A center with a history.
Other local physicians joined in as incorporators. For its first 10 years, the board chaired by the only non-physician director, banker Efren Recto, made do with modest gains that owed much to the 30-bed hospital's central location. Calambenos were happy not to have to go all the way to Metro Manila for their medical needs.
The young ophthalmologist Dr. Jose Enrico Juliano brought his practice to CMC in 1995, as a bow to his father's hometown roots. The following year, his initiative to start the Calamba Eye Center gained a foothold, in partnership with CMC.
This led to the fated entry of his father, Jose O. Juliano, whose sterling record as an internationally trained nuclear chemist and physicist had led to high-powered involvement with multinational industries and appointment as DTI Undersecretary for Foreign Relations in the FVR administration.
Happenstance purchase of CMC shares gained him a seat in the board, which soon elected him as president. With his business expertise, he teamed up with chair Efren Recto in convincing the erstwhile conservative directors to start relying on bank loans for expansion.
The original incorporators sold their shares after the first ten years. The new board's serial acquisition of adjoining lots allowed for the construction of a couple of building annexes.
By 2007, CMC claimed a larger share of the expanding healthcare market in the south by establishing the Southern Luzon Hospital and Medical Center (SLHMC) in Greenfield City in Sta. Rosa. It would be renamed as The Medical City South Luzon, in partnership with The Medical City as the major administrator.
Further acquisition of property, eventually totaling eight hectares, allowed for a quantum leap in expansion, beginning with the 2011 construction of the 12-story CMC Tower, a Medical Arts Building. This was soon followed the nine-story CMC Hospital or Tower 2.
Over a week ago, on July 19, Calamba Medical Center celebrated its 30th anniversary at its newly opened Events Place. It also marked the launching of the coffee-table book, CMC @ 30: Calamba Medical Center, which this writer had the honor of producing as executive editor together with a small team, in a record three months since the first meet-up with 'Peping' Juliano.
Tess C. Dumana served as associate writer, with Sir Lancelot Punzalan as contributing photographer and Orland S. Punzalan as book designer. Drone and cover photography are credited to Mediarama Creatives. The House Printers Corporators led by Joey San Juan printed a thousand copies in hardcover and 500 as softbound.
Jose O. Juliano writes:
'CMC is the oldest private hospital in Calamba City and we believe it has the most modern and complete facilities in the region to render medical care to the city and environs. We also have the most competent doctors, dentists, nurses, radiologists, chemists, pharmacists, IT people, accountants, and engineers.
'This book is dedicated to all who helped to make CMC what it is today, composed of the CMC Hospital (Tower 2), The Medical Arts Building (Tower 1), CMC Kidney Center (Dialysis Center) building, Calamba Eye Center, The Medical City South Luzon), CMC Cancer Center Building, Biomed Technical Services, Calamba Events Center, co-owner of Laguna College of Business and Arts, and soon the CMC Chapel.'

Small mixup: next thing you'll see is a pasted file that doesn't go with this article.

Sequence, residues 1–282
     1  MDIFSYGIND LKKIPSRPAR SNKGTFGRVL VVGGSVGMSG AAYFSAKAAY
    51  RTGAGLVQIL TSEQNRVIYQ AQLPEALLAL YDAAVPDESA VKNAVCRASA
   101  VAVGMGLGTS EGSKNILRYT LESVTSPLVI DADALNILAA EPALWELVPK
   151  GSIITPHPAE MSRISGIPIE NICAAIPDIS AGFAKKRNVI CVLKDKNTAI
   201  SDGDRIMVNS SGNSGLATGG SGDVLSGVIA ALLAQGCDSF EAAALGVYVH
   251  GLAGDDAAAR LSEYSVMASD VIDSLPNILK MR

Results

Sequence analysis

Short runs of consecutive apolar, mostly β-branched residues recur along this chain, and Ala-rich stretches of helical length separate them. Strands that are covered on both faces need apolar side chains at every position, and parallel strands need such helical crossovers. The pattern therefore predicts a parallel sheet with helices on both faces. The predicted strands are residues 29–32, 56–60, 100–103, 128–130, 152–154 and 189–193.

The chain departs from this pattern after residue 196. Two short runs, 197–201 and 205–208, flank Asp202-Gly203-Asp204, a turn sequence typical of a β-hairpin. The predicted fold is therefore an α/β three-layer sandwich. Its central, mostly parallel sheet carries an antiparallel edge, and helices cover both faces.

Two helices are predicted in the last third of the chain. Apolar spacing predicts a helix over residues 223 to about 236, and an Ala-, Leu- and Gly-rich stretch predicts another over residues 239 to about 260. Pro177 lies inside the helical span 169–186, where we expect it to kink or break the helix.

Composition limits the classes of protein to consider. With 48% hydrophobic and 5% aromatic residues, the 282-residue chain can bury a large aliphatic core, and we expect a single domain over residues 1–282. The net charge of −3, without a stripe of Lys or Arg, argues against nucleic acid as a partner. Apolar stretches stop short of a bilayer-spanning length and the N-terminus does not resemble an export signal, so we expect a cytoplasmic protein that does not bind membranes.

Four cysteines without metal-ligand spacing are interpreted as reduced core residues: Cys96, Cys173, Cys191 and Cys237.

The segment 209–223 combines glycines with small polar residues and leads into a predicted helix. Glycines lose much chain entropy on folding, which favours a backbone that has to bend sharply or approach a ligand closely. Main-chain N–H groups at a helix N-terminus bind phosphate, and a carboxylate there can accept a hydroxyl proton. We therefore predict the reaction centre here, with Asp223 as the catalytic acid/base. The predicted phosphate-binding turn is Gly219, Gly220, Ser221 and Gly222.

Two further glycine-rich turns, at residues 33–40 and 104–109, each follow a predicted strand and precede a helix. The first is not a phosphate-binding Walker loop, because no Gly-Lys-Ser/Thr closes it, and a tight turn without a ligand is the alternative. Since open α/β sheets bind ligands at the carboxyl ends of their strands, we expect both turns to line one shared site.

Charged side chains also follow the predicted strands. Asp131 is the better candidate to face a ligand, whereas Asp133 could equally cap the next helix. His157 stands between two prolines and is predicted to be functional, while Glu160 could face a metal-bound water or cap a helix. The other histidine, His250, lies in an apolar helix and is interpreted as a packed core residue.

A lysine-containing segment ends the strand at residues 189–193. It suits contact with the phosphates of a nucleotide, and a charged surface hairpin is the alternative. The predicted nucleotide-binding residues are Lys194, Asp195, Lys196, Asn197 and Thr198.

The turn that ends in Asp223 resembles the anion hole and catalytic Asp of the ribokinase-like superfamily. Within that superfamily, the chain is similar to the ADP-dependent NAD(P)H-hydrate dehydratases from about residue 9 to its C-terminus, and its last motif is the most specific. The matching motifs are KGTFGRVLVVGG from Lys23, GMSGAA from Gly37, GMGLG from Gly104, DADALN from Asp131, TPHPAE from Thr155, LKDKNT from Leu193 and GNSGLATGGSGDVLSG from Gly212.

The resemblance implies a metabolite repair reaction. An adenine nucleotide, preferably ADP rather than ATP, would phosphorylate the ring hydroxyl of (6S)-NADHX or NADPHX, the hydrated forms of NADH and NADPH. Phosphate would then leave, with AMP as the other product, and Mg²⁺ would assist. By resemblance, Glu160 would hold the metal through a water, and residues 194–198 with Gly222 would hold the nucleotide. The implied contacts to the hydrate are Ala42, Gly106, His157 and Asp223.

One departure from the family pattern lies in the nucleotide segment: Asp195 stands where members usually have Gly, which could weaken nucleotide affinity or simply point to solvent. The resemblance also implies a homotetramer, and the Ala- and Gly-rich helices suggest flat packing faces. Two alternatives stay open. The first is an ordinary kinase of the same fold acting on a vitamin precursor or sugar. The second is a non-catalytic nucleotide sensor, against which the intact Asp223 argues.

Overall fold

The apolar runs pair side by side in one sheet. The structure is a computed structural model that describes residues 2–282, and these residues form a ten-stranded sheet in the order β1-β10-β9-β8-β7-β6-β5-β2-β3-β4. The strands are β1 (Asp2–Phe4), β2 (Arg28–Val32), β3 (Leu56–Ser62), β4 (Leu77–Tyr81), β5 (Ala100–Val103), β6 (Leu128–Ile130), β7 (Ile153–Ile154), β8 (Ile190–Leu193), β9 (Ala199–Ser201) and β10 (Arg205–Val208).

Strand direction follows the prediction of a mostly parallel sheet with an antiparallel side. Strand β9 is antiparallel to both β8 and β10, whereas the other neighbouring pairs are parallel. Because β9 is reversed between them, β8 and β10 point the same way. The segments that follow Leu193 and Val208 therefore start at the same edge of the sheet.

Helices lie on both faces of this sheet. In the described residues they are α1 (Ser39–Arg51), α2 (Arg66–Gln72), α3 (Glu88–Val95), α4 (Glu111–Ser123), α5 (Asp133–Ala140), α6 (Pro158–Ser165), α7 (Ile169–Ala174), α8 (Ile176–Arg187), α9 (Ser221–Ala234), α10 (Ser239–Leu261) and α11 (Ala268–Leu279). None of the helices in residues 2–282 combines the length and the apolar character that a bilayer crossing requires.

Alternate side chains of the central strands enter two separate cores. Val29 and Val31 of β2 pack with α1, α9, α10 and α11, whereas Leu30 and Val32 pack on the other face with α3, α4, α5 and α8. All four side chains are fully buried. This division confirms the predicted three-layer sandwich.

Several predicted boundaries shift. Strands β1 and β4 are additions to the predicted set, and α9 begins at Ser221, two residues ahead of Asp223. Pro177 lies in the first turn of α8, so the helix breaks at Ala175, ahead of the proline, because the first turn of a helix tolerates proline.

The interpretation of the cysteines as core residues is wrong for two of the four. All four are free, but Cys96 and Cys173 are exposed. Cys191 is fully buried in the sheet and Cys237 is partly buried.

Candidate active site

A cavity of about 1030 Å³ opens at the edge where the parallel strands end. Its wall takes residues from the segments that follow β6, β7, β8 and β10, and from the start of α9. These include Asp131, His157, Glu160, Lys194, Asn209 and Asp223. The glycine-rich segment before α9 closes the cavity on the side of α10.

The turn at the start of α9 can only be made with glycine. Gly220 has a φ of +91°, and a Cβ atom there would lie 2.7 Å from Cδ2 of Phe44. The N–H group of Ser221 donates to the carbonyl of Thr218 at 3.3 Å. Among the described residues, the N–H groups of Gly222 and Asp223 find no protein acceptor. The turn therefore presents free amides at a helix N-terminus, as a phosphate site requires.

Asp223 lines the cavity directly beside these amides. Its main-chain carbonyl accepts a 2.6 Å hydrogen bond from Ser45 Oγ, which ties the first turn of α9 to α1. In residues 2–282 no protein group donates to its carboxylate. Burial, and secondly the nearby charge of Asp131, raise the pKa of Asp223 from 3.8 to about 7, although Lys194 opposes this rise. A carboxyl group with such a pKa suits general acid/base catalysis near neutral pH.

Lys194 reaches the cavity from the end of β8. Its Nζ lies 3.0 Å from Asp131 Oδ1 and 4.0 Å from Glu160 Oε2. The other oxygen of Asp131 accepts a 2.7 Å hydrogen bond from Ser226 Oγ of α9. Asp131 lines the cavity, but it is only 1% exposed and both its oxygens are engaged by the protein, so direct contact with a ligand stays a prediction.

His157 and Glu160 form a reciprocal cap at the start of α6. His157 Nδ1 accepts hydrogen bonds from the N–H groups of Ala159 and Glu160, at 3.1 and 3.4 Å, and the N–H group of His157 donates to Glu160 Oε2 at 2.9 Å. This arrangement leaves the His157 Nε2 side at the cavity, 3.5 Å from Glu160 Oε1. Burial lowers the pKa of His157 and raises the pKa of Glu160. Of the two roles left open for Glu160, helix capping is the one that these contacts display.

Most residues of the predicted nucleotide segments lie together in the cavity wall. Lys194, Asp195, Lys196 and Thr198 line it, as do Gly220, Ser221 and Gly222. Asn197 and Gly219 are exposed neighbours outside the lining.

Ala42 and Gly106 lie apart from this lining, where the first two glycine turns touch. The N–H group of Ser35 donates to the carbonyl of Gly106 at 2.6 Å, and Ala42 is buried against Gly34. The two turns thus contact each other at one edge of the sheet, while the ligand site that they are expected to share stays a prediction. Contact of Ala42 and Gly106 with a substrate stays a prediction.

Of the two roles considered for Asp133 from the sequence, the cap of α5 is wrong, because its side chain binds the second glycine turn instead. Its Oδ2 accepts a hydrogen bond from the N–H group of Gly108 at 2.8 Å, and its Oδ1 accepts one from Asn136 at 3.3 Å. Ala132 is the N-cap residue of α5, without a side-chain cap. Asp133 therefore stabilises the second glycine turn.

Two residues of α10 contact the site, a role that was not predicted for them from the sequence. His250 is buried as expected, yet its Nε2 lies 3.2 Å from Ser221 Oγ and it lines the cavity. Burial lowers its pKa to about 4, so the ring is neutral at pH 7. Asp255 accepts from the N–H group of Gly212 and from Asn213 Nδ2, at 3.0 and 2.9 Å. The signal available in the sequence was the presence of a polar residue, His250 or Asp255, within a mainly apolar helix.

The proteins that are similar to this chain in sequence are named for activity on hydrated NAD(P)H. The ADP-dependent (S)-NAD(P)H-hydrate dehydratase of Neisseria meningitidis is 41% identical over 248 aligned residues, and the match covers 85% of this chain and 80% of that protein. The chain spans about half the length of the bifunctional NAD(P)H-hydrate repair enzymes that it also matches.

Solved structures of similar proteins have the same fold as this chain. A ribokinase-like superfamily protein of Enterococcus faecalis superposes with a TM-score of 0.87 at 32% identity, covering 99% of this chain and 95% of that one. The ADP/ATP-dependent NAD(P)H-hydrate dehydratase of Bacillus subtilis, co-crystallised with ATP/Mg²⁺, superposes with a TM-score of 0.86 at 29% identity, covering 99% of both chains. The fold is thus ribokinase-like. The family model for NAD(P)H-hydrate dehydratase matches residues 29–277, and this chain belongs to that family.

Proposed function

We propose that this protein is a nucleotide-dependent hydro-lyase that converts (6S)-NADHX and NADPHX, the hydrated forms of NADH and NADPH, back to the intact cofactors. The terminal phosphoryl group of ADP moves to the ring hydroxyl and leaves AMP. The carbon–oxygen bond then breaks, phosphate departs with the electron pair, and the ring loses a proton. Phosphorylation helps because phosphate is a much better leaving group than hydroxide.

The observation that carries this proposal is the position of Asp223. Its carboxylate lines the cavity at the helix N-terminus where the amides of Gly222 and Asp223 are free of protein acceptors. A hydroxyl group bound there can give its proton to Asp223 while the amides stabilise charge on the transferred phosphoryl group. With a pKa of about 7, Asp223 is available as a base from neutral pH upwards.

The full-color book's chapters cover CMC's early history and detail its remarkable growth over the past two decades. Sections include stories on the advent of The Medical City South Luzon and Calamba Eye Center (both headed by Dr. 'Jun' Juliano); 'A Personal Historical View' by engineer August Cantor; 'The Shapes of the Future' by architect Raul Reventar; and features that highlight the contributions of Jose Juliano's two daughters, anesthesiologist Dr. Joji Juliano ('A Happy Place') and OB-Gyn Dr. Catherine 'Kat' Juliano Remollino ('MOMS: A haven for the unplanned, unwanted').
The final chapters present the Biomed Tech Services, 'The Need for a School of Medical Arts,' the CMC's board of directors, facilities, profiles of top physicians and staffers, a directory of specialist consultants, and the president's 'My Dreams for CMC.'
These include plans for a columbary, a school, a mall, a condotel, and accommodation for geriatric patients - as a continuing orchestration of a business endeavor that exponentially benefits an old hometown, its residents, and many other Filipinos requiring excellent medical care.
Wielding the grand baton of leadership is the visionary and dreamer Jose O. Juliano, a TOYM awardee in 1959 and once head of the Philippine Atomic Energy Commission. Now in his middle-80s, he is still a dynamo at work, seeking to transform the entire enterprise into a total healthcare city.
The CMC president's final words pay tribute to the support from his wife Victoria Galang Juliano and their three children, besides attesting to his exemplary personality, character and spirit.
'I was just the initiator, and it was God who was kind enough to grant us our wishes. I came into CMC not knowing anything about medicine, and I depended on my three children who are all doctors of medicine for guidance.
'All my life I always tried something new, and some of them were successful ventures while others were failures. But I always try new ventures in the hope that some of them will bear fruit
'Destiny guided me into the healthcare industry, where I got involved for more than 20 years. With God's help, everything went according to plan.
'I never dreamt that CMC would be able to help humanity in its moments of concern, fear and sorrow. But now I know that I can and should still dream on.
'These are the blessings we receive from the Almighty.'
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|Publication:||Philippines Star (Manila, Philippines)|
|Date:||Jul 29, 2019|
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